Nevada Officials: Horses Exposed to Infectious Diseases

Nevada Officials: Horses Exposed to Infectious Diseases

Clinical signs of strangles include lethargy, thick nasal discharge made up of mucus and pus, swollen lymph nodes, and abscesses under the jaw and at the throatlatch.

Photo: The Horse Staff

On Saturday, Feb. 18, the Nevada Department of Agriculture (NDA) began receiving accounts of horses being exposed to equine herpesvirus-4 (EHV-4) and Streptococcus equi bacterial infection (also known as strangles).

Both diseases are highly contagious among horses, and strangles is listed on the National List of Reportable Animal Diseases.

As such, the NDA’s state veterinarian, JJ Goicoechea, DVM, has recommended postponing this weekend’s high school rodeo in Moapa Valley because some horses present at last weekend's rodeo in Boulder City are now showing signs of disease.

“Horses that were exposed last weekend may not exhibit clinical signs for several weeks, and we run the risk of exposing additional horses at the rodeo this weekend,” Goicoechea said. “We may be issuing quarantine orders once confirmed. Our primary focus is stopping the spread and protecting our equine population.”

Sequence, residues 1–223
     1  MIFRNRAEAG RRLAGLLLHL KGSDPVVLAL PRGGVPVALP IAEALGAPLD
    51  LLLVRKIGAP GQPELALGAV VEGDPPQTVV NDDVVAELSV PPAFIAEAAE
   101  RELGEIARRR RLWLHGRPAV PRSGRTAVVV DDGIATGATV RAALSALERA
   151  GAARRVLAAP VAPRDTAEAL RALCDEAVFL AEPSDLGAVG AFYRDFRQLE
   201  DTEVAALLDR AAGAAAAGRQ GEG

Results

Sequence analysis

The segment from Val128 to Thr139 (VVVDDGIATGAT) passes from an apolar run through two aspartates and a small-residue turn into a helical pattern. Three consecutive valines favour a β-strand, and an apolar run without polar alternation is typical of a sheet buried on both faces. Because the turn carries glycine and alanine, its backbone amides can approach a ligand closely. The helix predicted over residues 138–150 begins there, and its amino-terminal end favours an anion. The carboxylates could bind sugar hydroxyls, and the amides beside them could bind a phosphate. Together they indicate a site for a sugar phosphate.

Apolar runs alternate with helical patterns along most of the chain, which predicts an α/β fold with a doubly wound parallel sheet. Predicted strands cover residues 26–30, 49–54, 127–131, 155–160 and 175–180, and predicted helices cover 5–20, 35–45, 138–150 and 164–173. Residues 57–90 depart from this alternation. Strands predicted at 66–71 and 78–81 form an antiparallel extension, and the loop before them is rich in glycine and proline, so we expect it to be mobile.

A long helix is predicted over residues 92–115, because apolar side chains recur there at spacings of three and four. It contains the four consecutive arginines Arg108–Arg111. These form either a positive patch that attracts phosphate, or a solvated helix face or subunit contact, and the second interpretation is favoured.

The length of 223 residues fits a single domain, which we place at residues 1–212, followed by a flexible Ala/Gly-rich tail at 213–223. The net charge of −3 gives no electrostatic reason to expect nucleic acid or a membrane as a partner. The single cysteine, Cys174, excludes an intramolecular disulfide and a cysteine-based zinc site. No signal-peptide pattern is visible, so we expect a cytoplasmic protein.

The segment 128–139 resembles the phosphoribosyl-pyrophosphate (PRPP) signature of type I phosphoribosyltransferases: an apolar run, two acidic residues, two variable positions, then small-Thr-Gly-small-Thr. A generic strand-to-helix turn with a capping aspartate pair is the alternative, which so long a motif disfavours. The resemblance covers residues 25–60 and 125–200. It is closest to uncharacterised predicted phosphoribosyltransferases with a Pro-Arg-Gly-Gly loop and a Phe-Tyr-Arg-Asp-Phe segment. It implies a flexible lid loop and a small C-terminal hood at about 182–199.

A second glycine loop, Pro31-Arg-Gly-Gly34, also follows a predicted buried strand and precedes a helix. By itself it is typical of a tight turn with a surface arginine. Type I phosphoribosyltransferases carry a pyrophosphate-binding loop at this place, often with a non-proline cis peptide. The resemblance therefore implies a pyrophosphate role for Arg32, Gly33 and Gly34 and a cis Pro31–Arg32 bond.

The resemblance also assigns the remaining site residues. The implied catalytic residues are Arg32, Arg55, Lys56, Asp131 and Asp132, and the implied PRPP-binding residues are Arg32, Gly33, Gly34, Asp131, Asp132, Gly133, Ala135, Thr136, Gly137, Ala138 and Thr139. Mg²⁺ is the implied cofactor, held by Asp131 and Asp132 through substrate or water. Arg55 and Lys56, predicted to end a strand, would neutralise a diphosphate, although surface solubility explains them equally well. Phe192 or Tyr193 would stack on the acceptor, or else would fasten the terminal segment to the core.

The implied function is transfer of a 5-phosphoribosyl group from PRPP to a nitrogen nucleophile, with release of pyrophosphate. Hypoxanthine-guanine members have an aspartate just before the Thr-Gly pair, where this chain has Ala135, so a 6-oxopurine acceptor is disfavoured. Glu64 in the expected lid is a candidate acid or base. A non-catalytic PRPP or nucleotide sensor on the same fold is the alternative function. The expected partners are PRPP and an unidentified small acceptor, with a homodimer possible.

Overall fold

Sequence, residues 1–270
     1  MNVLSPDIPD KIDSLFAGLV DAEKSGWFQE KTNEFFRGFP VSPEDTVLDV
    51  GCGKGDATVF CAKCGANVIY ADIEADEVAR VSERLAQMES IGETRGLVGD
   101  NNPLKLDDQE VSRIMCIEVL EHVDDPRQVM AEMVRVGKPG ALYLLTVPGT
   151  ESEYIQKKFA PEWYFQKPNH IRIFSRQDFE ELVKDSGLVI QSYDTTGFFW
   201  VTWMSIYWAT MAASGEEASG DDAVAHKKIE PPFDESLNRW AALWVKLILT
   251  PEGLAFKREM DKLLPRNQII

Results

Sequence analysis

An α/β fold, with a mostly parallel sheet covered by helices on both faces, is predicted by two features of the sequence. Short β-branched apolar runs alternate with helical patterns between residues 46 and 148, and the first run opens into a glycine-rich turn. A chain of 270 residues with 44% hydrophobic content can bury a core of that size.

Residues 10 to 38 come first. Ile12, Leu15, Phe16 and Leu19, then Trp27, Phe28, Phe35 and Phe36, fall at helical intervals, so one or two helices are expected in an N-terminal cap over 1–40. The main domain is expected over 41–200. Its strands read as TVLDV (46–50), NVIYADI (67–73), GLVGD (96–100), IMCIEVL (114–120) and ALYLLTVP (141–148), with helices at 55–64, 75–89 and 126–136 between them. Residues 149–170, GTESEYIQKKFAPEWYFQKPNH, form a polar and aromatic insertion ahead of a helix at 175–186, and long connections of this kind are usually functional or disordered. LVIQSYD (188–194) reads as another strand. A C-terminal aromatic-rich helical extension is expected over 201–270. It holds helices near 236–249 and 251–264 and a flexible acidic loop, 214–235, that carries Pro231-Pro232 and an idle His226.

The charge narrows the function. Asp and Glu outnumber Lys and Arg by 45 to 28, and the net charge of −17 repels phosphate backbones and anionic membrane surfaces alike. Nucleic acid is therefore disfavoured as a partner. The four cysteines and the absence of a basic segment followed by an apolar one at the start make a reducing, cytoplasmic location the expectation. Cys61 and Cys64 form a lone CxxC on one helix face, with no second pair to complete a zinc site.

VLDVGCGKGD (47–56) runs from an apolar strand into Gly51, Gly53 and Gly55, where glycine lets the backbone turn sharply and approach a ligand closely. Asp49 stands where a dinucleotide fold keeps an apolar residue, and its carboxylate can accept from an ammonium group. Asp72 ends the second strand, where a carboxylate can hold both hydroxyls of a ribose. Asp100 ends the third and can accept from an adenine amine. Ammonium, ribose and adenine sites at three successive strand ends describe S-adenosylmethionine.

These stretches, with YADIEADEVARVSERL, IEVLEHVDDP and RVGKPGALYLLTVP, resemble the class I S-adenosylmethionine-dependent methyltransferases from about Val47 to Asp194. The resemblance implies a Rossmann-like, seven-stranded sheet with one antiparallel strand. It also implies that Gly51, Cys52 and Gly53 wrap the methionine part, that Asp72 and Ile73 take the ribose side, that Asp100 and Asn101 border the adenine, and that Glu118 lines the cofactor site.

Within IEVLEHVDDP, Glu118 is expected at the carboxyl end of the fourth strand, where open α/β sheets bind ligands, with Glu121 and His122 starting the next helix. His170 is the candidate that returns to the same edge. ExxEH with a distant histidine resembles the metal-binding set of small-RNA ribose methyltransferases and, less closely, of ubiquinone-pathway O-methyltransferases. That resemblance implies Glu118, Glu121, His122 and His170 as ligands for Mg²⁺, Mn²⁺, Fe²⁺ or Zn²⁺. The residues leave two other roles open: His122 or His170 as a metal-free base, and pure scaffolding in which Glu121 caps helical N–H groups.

Both EHV-4 and strangles are upper respiratory diseases. While there were accounts of diseased horses from earlier this winter, the NDA did not receive any reports. The NDA is working with local veterinarians, Nevada equestrian event associations, and industry associations to attempt to minimize exposure and slow the spread of disease.

Health Alert: Equine Herpesvirus

Clinical signs of strangles include lethargy, thick nasal discharge made up of mucus and pus, swollen lymph nodes, and abscesses under the jaw and at the throatlatch. Clinical signs of EHV-4 include fever; nasal discharge that starts out as thin and clear, then progressively gets thicker and milky in color; and sometimes cough.

“All horse owners should consult with their veterinarian to ensure vaccinations are current,” Goicoechea added. “If you suspect your horse may be exhibiting signs of illness, contact your veterinarian and do not allow contact with other horses.”

Per Nevada Revised Statute Chapter 571.160, any animal owner or practicing veterinarian who has knowledge of an infected animal, shall immediately notify the state quarantine officer (NDA Director Jim Barbee). A list of reportable diseases can be found at agri.nv.gov.

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